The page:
Chameleon Arts Ensemble shows true colors in Schoenberg-centered program

April 7, 2013 at 12:17 pm

By Aaron Keebaugh

The Chameleon Arts Ensemble performed Saturday night at First Church

The music of Arnold Schoenberg rarely frequents chamber concerts in Boston. Rarer still is the composer’s music the centerpiece of a wide-ranging event.

But that was the case Saturday night when the Chameleon Arts Ensemble filled the intimate sanctuary at First Church with an adventurous program of works by composers who influenced, and who were influenced by, the composer of Pierrot lunaire. 

The focal point of the evening, Schoenberg’s String Trio, Op. 45, featured violinist Jesse Mills, violist Scott Woolweaver, and cellist Rafael Popper-Keizer, who performed with aplomb.

Composed in 1946 after Schoenberg suffered a near-fatal heart attack, the String Trio is filled with non-sequiturs where sharp, needle-like sonorities interrupt compressed lyrical moments in a long single movement. Overall, it is a piece laden with tension, but imbued with subtle shades of tonality.  The strings sounded appropriately shrill in the prickly passages and played with rich tone in the dense waltz passages interspersed within Schoenberg’s quirky composition.

Mills and Popper-Keizer teamed up with pianist Vivian Chang-Freiheit for an equally sharp rendering of the Trio in D Minor, Op. 3 by Schoenberg’s friend, teacher, and eventual brother-in-law, Alexander von Zemlinsky.

The symphonic grandeur of the three-movement trio featured the musicians in expansive dialogue. The strings, throughout, put across the colorful score with a creamy, yearning sound. Chang-Freiheit answered with deliberate touch and pearly tone.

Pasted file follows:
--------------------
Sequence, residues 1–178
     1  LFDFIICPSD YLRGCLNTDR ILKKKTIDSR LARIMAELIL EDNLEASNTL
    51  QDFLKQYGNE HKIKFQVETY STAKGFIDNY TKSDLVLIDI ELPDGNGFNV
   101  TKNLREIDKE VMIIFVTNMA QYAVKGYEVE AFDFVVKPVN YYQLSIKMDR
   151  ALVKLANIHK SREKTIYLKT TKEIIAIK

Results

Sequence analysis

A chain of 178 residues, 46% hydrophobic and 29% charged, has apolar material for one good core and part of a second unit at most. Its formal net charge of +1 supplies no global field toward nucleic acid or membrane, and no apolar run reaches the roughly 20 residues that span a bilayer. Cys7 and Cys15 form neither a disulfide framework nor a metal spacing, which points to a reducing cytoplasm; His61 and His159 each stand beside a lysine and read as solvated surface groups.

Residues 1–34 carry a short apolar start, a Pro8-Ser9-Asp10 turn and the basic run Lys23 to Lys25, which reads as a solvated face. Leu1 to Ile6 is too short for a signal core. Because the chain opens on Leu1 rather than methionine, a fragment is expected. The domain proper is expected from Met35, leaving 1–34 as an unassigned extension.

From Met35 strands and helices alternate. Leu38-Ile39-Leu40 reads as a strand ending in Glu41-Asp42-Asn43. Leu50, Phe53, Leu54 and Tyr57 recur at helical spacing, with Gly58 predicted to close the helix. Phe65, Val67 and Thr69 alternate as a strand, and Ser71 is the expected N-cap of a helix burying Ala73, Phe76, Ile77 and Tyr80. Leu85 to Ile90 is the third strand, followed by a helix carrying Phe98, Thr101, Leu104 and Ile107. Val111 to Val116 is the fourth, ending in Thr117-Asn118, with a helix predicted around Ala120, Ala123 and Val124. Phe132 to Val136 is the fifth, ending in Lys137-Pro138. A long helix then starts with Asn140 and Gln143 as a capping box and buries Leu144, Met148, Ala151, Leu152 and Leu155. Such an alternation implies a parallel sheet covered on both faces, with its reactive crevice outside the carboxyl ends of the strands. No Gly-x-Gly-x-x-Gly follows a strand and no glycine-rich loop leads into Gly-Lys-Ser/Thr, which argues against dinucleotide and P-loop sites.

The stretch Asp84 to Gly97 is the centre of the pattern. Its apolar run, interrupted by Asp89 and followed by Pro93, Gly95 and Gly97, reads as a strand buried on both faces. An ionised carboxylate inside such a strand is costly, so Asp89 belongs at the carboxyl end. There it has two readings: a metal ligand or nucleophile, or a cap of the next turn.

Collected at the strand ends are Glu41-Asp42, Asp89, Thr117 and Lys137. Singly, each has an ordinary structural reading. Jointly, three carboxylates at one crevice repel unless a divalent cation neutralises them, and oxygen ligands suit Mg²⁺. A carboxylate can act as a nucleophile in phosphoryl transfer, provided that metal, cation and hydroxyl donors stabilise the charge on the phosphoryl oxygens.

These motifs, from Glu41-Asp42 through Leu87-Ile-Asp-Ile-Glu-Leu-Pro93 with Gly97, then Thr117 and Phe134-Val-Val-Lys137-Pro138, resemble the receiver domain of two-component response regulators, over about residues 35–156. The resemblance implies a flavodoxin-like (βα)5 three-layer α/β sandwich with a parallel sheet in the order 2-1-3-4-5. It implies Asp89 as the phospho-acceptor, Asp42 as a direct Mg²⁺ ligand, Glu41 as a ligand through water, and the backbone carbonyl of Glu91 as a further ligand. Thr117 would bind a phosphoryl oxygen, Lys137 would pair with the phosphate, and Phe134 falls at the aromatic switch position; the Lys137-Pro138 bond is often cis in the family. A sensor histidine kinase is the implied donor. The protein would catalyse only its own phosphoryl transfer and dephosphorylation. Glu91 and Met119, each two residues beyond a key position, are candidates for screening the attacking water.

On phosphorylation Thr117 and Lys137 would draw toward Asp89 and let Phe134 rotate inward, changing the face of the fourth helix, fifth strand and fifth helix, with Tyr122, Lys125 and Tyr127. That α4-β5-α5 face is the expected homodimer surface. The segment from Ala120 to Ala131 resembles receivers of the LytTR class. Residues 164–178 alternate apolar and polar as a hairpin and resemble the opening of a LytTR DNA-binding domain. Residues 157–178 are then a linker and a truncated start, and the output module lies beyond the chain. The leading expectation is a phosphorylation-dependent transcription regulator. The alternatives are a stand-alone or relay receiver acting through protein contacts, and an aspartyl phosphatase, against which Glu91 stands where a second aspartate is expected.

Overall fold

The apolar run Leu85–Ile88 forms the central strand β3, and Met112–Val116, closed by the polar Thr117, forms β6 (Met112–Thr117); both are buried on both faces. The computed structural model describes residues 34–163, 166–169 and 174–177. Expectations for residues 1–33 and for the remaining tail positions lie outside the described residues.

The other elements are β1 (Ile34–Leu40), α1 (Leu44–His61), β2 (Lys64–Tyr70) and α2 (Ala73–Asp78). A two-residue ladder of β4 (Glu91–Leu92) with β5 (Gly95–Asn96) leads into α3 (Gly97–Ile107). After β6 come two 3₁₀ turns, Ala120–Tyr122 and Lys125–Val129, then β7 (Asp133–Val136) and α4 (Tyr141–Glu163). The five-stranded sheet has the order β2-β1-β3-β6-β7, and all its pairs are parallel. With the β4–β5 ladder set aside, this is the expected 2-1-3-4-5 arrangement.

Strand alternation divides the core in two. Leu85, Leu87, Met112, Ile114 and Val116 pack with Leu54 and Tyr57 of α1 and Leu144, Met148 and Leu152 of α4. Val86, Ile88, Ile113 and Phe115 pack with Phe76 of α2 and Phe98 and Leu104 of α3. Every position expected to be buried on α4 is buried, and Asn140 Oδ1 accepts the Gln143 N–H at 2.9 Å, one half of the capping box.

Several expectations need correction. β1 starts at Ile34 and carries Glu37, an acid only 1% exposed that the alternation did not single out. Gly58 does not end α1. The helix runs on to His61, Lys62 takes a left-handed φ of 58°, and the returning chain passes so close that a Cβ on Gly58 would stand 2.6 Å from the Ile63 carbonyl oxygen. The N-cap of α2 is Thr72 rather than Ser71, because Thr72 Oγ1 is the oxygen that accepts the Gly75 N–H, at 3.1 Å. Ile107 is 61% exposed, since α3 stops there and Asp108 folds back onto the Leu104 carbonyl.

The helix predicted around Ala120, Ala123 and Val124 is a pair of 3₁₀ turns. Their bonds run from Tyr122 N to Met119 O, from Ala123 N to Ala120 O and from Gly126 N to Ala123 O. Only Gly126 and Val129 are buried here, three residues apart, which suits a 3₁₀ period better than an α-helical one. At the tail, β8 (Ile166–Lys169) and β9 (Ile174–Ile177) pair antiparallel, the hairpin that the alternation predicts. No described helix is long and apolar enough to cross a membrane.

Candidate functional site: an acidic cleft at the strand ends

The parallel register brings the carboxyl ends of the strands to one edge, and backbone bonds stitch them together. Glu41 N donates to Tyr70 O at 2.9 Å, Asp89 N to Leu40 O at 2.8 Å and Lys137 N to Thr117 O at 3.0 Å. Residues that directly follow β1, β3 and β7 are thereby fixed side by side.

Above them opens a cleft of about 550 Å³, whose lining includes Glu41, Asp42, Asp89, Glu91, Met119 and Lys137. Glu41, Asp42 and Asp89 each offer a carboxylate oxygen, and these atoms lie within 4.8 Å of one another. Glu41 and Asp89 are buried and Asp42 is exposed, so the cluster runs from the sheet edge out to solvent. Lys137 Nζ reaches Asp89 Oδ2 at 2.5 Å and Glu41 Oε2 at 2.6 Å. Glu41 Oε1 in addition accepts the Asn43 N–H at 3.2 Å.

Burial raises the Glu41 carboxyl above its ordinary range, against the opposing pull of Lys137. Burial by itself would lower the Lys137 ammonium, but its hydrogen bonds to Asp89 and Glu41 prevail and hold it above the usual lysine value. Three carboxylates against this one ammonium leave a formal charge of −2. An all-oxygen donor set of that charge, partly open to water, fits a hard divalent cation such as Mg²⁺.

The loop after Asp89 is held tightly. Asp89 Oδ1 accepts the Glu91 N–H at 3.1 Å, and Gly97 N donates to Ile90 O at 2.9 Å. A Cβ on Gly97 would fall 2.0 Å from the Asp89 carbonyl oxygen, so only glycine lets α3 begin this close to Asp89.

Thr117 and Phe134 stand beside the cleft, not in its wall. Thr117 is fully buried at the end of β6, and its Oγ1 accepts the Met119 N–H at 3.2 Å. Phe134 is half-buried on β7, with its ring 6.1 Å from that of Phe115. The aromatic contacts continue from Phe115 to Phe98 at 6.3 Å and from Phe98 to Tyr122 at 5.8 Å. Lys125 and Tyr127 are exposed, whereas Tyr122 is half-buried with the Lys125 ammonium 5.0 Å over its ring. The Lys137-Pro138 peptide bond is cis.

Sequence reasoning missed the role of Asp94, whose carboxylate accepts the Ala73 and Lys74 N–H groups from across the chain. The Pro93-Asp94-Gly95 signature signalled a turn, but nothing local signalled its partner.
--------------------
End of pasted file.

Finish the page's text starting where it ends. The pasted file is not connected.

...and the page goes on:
To open the concert, the Chameleon Arts Ensemble offered works from three of Schoenberg’s California pupils.

Soprano Mary Mackenzie took to the organ loft, where she intoned John Cage’s The Wonderful Widow of Eighteen Springs. With breathy tone, she rendered the three-note setting of James Joyce’s text–a sliver from Finnegans Wake–with cool distance. Percussionist William Manley, with open palms, supplied a steady stream of syncopated rhythms on the closed lid of the center-stage piano, which gave a soft, bodhrán-like accompaniment suited to Mackenzie’s vocalizing.

Flutist and Chameleon artistic director Deborah Boldin joined Manley for Lou Harrison’s First Concerto for Flute and Percussion. More duet that a traditional concerto, the three-movement piece featured the musicians in criss-cross polyrhythmic dialogue. Manley provided stately, even-handed rhythmic drive on tom-toms, wood block, tambourine, and gong (all played with mallets). Boldin performed the music’s wandering lines with an affecting tone, especially in the lower register.

Earl Kim’s delightful Illuminations, a cycle of 15 short Arthur Rimbaud texts for piano and soprano, paired Mackenzie with Chang-Freiheit.

Mackenzie brought a ringing power to her voice for much of this set but adjusted appropriately to explore the songs’ light and shade. She sweetened her voice for the heartfelt “Magic flowers droned,” the seventh in cycle. And for the opening of “I remember silver hours and sunlight by the rivers,” she returned to the charming wistful sound of the Cage, never losing focus or intensity in the process. Chang-Freiheit handled the sparse, Debussy-esque accompaniment with grace.

It was a special treat to hear Chang-Freiheit with Nancy Dimock (oboe), Kelli O’Connor (clarinet), Margaret Phillips (bassoon), and Whitacre Hill (French horn) in an elegant reading of Mozart’s Quintet in E-flat Major for piano and winds, K. 452.

The winds achieved a sweet ensemble blend in the outer movements to match Chang-Freiheit’s august playing. And the musicians imbued the second movement with romantic swells that added extra weight to the thick wind texture of Mozart’s score. Dimock and O’Connor were especially adept in trading phrases while Hill’s horn soared effortlessly above the woodwinds. And Phillips supplied stately presence to the running bass lines that was felt as much as it was heard.

The program repeats 4 p.m. Sunday at the Goethe-Institut.; 617-427-8200 

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